Cheap Radio Triggers I am using triggers similar to these. They are cheap, and work very well (a few misfires / nofires, but still great for the money) Alternatively, you can just use a sync cable for the sunpak and leave the 430 on slave. (Check that the sunpack is low voltage first - i.e. it's safe to attach it directly to your camera). Edit link ...


2

If you're on a PC, you should be able to use EOSInfo which supports retrieving the shutter count on cameras using the Digic III and Digic IV processors (except the 1D range). If you're on a Mac there is an equivalent tool


2

For sheer reach, you could try the Canon EF-S 18-200mm F/3.5-5.6. The image quality won't be great compared to an expensive lens, and the aperture is a little restricting in low light, but you get a very usable range from wide to telephoto all in one.


2

Don't bother. I agree with Itai's comment. In questions like this it's hard to commit to yes or no since one is so unsure of what is actually broken. It could work after you treat it, but the risk vastly outweighs the benefit. 25% function is still better than 0%, and the only way you can be sure it won't be further broken (or might even get fixed!) is by ...


2

How about some variation of tethered capture? If you're willing to hook up a laptop, you should be able to control exposure over a series of shots w/o disturbing the camera. You may also be interested in an Android-based DSLR controller that hit the market last year. The 40D is one of the gray-area cameras that's supported, but not with full ...


2

The extra time that the camera takes to store long exposure shots is caused by the extra processing that the camera has to do to reduce noise. It may help to turn off long exposure noise reduction if you are using that.


2

For my backpacking trip across Europe, I carried couple of lenses, however the lens that I used the most was Tokina 11-16 f/2.8 that I rented out. It takes a while to get used to it and I'd rent it again if I go back. I did take a longer lens to capture few shots, but nothing captures the streets of Montmartre/Latin quarter.. or the old city in prague like a ...


2

I do agree with jwenting on the view that you should bring two lens instead of one. On the notion that different lens serve different purposes and the also the extreme odds of one the lens being damaged during the trip. If you are comfortable with Third Party lens, ie Sigma, i can offer you these two suggestions, which I am using for my overseas trip as ...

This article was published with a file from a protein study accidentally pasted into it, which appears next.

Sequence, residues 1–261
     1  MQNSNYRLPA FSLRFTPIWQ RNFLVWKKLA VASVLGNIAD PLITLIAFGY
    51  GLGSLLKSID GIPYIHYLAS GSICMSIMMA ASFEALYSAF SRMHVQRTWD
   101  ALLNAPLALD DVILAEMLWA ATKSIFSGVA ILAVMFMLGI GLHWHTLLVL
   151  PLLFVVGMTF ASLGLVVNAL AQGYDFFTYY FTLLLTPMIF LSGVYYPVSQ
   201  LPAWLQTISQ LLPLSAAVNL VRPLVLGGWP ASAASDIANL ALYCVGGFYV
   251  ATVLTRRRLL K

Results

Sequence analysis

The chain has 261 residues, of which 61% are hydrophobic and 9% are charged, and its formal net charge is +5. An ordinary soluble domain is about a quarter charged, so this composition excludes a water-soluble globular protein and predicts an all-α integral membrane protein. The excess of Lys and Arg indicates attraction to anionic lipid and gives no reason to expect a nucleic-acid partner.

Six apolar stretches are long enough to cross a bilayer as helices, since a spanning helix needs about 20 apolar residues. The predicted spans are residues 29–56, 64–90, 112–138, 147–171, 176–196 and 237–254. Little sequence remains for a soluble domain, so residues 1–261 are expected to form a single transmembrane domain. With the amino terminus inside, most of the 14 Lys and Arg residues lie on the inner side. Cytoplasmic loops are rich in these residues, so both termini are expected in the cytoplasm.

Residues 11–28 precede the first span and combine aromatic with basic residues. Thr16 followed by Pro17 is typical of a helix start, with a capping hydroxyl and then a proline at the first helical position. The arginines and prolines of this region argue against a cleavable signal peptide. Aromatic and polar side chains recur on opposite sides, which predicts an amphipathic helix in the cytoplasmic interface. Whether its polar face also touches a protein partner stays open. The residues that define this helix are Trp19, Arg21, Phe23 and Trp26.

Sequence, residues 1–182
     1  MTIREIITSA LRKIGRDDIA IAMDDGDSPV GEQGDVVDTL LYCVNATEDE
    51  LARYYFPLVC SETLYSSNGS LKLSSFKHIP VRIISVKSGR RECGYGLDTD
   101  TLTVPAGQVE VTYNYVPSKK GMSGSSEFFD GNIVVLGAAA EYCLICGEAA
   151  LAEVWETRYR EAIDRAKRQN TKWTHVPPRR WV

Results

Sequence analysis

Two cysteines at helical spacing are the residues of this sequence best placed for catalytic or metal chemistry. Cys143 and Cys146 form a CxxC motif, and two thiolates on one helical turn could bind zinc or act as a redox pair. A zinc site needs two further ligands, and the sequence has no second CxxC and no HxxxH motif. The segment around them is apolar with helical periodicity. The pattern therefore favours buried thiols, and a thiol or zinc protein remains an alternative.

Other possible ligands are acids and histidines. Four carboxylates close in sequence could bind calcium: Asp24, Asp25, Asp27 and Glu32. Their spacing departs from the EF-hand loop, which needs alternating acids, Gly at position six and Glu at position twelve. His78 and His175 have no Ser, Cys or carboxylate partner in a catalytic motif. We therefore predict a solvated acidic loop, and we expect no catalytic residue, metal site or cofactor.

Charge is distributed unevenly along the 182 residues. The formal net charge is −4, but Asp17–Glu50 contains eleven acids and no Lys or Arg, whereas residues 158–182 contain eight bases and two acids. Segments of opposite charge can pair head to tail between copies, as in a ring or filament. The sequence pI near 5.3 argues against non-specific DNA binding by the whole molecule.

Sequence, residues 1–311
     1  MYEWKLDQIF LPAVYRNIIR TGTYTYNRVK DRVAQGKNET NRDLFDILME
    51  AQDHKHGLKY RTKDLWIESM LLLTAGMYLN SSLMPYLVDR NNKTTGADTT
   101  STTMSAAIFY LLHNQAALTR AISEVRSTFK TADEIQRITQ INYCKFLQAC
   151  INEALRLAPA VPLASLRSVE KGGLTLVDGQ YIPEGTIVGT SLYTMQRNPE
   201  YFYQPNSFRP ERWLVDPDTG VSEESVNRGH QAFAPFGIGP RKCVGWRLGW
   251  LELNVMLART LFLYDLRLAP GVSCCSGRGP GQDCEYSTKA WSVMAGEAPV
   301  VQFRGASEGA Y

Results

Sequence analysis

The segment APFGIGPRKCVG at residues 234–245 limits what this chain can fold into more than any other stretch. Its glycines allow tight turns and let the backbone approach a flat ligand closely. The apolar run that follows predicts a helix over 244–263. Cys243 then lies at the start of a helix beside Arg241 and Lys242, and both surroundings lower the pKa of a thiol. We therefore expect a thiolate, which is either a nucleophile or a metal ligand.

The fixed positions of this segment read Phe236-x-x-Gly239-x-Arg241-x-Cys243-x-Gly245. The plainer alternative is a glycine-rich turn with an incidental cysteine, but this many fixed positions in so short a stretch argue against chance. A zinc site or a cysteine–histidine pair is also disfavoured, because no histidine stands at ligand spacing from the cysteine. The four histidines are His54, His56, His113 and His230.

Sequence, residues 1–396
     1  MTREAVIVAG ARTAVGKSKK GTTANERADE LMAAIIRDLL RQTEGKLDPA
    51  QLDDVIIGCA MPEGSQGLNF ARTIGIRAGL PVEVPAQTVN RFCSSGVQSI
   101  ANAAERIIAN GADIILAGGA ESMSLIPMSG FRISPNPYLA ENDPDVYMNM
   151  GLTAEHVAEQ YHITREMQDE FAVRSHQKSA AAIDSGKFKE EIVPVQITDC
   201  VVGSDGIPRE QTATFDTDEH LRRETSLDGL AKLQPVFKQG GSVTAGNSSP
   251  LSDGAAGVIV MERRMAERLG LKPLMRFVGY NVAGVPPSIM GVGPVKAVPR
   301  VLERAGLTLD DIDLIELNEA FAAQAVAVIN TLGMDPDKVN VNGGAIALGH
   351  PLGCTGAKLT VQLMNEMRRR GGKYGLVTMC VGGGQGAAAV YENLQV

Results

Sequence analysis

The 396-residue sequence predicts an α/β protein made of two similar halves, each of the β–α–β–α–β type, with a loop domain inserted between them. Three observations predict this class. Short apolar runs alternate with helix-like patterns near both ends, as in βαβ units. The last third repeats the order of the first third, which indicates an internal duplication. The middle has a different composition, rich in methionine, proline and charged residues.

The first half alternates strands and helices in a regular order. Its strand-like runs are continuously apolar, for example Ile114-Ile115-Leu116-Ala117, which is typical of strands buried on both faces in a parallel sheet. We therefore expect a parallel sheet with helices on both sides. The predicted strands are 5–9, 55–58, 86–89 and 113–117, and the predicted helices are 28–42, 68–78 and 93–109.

1

If you don't wish to adjust each shot manually then you could get five bracketed shots on a Canon by doing the following: 1. Go to camera menu and enable auto bracketing (AEB) 2. Set AEB exposure to be -1 0 +1 3. Take your first three photographs 4. Go to camera menu and set AEB exposure to be -2 0 +2 5. Take three more photographs. You now have six shots ...


1

Never travel with only a single lens. One time I did that, it of course failed (aperture blade failure, snapped spring it turned out later). Had not a fellow traveller in the group just happened to have a spare lens and the exact same camera I had (lucky, Minolta wasn't all that common even way back then) I'd have had no photos of 3 weeks of a 4 week ...


1

Aside from everything already said, and assuming you can put the same lens on both cameras, you have to be sure that the in-camera settings on both bodies are the same; i.e., sharpening, noise reduction, etc. It is likely that this is, in practice, not possible — even when all are set to zero. You need to dig in to the menus on both cameras and set things ...


1

The answer to your question about differences in sharpness, between the Canon and Nikon cameras, can be found in dpreview.com's test results. For the Canon 40D 2100 LPH Horizontal 1800 LPH Vertical For the Nikon D90 2200 LPH Horizontal 2150 LPH Vertical It is true that the Nikon has marginally better sharpness, in this case, but the ...


1

This is a hard one to answer because there's so many variables: in addition to the different bodies, you are using different lenses and likely have different handholding technique. Assuming you are shooting JPEG, my guess would be that the Nikon is using more aggressive sharpening. Short answer, no, there's no real difference in sharpness between ...


1

You should check the speed of your CF card. It may be the bottleneck. Also, I am not sure (don't have the manual in front of me now), but maybe the max continuous rate is for smaller RAW files, and not max size RAW?